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Riding e-scooters on the sidewalk? That could be risky

Where is the best place to ride an electronic scooter? The sidewalk or the roadway?

The first thing you should check before renting an e-scooter is the local rule on where to ride. It may be illegal to ride these on the sidewalk in some cities, while in others it may be the expectation.

What do safety experts say? The Insurance Institute for Highway Safety (IIHS) recently completed a study on the question, and it came to mixed conclusions.

“We still don’t have a clear answer about where is the best place for e-scooters to ride,” says the IIHS. “Our results showed that when riders were injured on the road, their injuries were more severe, but when they rode on the sidewalk, there were more opportunities for injury.”

E-scooter injuries are common and can be serious

E-scooters are popular, and they’re becoming more prolific every day. According to one estimate, there were 86 million e-scooter trips last year alone. And, while e-scooter rentals have dropped during the pandemic, experts think people may increase their ridership as the need for socially-distant transportation alternatives grows.

The Consumer Product Safety Commission estimates that there were 50,000 ER visits and at least 27 deaths among e-scooter riders between 2017 and 2019. Injuries and fatalities also appear to be rising year over year.

E-scooter riders and bicyclists sustain about the same number of injuries each year, although of different types. Unfortunately, the e-scooter riders are more likely to suffer skull fractures or a loss of consciousness, partly because they are less likely to be wearing helmets. Only about 2% of e-scooter riders wear helmets, while an estimated 66% of bikers do.

The IIHS argues that more helmet use among e-scooter riders would bring down the injury rate, but it acknowledges that this may be a stubborn problem. Even if e-scooter rental agencies wanted to provide helmets, it would be hard to do so in a way that took helmet size into account. And, potential riders may not want to carry a helmet on the chance they’ll choose to rent a scooter that day.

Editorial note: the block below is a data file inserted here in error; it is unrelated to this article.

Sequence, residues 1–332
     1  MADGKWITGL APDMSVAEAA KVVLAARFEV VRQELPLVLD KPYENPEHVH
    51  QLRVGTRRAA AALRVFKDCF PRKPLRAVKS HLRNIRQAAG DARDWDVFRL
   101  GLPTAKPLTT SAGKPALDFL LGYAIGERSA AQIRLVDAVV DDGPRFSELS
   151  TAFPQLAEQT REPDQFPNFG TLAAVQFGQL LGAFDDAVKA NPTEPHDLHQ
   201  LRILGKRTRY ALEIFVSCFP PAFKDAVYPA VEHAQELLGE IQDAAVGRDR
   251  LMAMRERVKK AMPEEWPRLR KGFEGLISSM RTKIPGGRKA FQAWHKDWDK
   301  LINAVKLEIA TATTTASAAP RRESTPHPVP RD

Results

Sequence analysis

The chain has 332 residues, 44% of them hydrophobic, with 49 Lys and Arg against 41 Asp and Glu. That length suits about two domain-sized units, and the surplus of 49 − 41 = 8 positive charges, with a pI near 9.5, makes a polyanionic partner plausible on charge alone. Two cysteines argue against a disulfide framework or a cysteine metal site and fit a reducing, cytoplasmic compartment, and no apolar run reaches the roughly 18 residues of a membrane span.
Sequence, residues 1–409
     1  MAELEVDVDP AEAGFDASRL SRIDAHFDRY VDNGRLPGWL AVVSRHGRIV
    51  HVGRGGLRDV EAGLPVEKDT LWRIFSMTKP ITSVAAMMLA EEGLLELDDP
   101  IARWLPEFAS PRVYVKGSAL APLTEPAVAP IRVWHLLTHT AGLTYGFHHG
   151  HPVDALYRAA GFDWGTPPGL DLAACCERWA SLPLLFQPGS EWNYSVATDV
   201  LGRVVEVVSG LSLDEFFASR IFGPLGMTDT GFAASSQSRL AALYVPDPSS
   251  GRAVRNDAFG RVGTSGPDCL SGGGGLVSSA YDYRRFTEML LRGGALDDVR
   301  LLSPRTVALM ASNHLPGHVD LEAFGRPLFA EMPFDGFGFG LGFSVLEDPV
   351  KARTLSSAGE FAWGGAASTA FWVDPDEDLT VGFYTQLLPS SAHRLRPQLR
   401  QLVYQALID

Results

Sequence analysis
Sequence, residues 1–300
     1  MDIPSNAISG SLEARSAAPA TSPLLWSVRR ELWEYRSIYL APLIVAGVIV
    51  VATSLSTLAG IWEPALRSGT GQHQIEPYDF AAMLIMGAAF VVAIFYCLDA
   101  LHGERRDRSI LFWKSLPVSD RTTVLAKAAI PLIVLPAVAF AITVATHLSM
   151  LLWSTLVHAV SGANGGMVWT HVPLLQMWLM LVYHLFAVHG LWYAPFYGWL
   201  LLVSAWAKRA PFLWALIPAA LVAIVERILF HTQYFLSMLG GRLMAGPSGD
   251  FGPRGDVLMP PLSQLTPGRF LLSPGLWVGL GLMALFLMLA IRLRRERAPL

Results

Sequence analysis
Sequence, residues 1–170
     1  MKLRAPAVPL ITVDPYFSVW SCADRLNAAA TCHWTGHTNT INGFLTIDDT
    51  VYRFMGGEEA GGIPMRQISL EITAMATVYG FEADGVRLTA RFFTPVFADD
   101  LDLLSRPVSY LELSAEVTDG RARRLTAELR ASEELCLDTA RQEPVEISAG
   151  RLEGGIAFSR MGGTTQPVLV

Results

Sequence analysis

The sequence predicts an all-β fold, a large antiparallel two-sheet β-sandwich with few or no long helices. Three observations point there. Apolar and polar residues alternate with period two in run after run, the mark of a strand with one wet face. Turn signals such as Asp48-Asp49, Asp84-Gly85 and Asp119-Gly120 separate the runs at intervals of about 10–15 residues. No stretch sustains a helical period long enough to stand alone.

Lack of experience increases the risk

Most people are much less experienced riding e-scooters than they are bicycles. The fact is, however, that inexperience makes it much more likely you’ll be in a crash. Indeed, 40% of e-scooter riders interviewed by the IIHS said they had been injured on their first ride.

E-scooters on sidewalks put pedestrians at risk, too

If you ride an e-scooter on the sidewalk, you may put pedestrians at risk. How much risk, however, is unclear. In Washington, D.C., where the study was done, a local law caps e-scooters’ speed at 10 mph. That has mitigated some injuries to pedestrians. However, the e-scooters themselves can often go 15 or 20 mph. A collision at that speed could seriously injure the pedestrian and the rider alike.

Bike lanes offer a possible alternative to sidewalks, where injuries are common and streets, where injuries can be catastrophic. However, bikes can potentially go much faster than e-scooters, so the two modes of transportation would have to compete there, as well.

It’s understandable if you are reluctant to ride an e-scooter in the street, where you could come in contact with a car. Yet riding on the sidewalk exposes you to risks from potholes and cracks in the pavement, and you may be putting others at risk of injury.

Where do you think e-scooters should be ridden?

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